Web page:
Some recent carnivals are dominated by liberals, even though politics is not important for the topic. For instance, Carnival of the Godless, Skeptic's Circle, Carnival of Bad History and Tangled Bank tend to attract the folks from the reality-based community who are largely liberal. Carnivals of the Balkan bloggers and Montana bloggers are liberal due to chance: their founders are liberal and the first entries were naturally from other liberal blogs. Some other carnivals are pretty evenly balanced, e.g., carnivals of history, philosophy, kids, education, and Tar Heel Tavern (NC bloggers) are consciously kept politically balanced. Thus, while MSM may be perceived as liberal by the Right, and perceived as spineless sellouts to the Bush regime's propaganda machine by the Left, the carnivals, all in all, are pretty balanced. There is a complete range of opinions voiced from one extreme, through the moderate middle, to the other extreme.
I think that the New York Times of the Lefty blogosphere is DailyKos! Every year Markos Moulitzas gets irate when people nominate DailyKos for Koufax Awards in the category of "group blogs". He loudly proclaims that it is HIS blog. But, it is not. Not any more. Ever since he enabled Diaries, Kos has lost control of his blog. I personally almost never read the posts by Markos. I rarely ever go to the front page. But I go there often and read the Diaries. DailyKos has grown into the biggest and best carnival online today. It is the Carnival Of Record in a sense that NYTimes is a Newspaper of Record. Likewise, in comparison to DailyKos, Carnival of Vanities is like Washington Times: the main Righty outlet, but far from the influence of NYTimes.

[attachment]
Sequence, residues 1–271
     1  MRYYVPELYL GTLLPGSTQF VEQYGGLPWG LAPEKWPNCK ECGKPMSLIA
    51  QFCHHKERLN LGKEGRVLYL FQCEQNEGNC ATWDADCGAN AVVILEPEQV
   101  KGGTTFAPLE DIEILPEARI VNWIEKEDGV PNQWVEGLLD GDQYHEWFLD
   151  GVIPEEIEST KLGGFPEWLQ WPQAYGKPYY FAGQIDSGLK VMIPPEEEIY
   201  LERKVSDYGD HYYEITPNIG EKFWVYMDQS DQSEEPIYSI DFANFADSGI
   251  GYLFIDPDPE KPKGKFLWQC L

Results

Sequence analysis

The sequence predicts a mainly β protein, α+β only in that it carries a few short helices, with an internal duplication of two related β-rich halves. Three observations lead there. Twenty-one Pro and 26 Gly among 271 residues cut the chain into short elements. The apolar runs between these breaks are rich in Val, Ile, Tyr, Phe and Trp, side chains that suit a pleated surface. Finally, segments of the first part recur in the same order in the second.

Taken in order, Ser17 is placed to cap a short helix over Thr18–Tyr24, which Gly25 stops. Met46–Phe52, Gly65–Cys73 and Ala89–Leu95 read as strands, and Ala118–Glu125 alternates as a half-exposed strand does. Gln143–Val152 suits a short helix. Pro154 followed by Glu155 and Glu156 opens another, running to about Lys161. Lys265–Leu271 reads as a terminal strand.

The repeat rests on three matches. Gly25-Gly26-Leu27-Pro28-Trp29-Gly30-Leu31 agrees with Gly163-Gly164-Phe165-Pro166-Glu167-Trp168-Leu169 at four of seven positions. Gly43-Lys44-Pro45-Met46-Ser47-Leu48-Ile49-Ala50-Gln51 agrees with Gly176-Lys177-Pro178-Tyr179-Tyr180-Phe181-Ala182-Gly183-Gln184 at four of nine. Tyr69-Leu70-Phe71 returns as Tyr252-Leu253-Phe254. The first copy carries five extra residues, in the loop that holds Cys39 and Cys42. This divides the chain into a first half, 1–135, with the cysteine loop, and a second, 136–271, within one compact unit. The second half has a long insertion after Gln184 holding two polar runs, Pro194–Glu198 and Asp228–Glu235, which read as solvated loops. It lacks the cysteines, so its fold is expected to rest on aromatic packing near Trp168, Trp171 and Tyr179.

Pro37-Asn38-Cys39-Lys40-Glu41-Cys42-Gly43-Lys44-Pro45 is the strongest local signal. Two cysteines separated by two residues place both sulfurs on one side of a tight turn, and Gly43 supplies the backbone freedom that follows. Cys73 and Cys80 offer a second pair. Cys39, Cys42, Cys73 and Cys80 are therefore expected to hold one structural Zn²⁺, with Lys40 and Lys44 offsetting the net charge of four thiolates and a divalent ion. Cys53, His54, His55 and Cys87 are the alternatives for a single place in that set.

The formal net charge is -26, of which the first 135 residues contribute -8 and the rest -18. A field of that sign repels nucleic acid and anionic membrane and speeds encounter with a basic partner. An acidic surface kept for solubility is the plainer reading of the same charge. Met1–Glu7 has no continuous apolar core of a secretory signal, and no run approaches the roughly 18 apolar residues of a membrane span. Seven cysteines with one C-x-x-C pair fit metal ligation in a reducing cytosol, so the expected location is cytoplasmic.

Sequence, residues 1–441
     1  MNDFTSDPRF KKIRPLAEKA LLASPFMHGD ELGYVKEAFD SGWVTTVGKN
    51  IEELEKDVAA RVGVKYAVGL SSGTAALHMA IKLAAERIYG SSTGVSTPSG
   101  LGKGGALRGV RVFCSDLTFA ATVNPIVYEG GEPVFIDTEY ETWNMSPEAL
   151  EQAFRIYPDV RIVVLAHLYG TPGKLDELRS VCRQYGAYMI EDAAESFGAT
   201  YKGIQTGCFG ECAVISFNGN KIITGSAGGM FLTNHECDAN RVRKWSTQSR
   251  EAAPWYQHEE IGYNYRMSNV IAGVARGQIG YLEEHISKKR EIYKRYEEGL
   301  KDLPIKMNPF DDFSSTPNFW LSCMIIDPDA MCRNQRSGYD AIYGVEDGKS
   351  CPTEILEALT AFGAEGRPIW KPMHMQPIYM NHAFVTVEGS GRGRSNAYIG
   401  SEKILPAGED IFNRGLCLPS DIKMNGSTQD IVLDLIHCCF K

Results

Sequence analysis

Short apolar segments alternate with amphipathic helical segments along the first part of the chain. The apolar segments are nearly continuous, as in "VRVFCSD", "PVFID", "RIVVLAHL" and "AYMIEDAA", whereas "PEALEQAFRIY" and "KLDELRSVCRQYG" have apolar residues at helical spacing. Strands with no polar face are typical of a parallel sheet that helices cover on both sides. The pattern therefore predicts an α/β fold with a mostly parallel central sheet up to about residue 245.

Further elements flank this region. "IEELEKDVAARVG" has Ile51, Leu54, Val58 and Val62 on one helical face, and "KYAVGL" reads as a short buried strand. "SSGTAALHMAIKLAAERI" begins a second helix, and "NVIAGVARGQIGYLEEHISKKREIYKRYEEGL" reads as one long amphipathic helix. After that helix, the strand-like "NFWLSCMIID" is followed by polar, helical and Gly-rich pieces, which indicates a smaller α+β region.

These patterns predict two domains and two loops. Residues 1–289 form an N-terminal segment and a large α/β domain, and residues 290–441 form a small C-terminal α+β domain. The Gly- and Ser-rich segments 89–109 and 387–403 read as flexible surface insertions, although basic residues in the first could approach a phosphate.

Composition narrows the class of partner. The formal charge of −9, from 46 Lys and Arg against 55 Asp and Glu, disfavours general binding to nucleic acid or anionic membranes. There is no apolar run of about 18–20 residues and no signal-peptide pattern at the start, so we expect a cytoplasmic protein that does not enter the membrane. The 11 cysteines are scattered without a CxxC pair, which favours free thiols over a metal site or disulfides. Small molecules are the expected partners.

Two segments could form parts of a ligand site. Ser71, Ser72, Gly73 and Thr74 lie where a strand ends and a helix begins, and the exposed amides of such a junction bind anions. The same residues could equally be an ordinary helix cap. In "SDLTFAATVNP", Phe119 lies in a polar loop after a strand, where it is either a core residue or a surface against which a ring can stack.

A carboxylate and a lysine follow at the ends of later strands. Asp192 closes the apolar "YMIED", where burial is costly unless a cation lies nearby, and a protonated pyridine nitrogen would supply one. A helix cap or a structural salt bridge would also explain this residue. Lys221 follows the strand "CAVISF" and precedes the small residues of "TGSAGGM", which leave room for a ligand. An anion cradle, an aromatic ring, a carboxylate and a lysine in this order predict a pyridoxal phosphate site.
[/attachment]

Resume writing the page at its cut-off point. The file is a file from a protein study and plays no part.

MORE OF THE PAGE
Carnivals as Journalism
Blogs themselves, no matter what is written on them, are often thought of as "new journalism", a bottom-up kind of journalism that will complement (and keep on their toes) the better-funded top-down journalism of the MSM. With 10 million Chinese blogs and another 10 million blogs around the rest of the world, and the numbers rising fast, the amount of material on blogs is overwhelming. Daily news aggregators (like del.icio.us) and other blog aggregators are worthy attempts at sifting through the mass and concentrating worthy information in one place. Blog-specific search-engines, like Technorati (and the invention of Tags), is another attempt to organize the enormous amount of blog-generated information.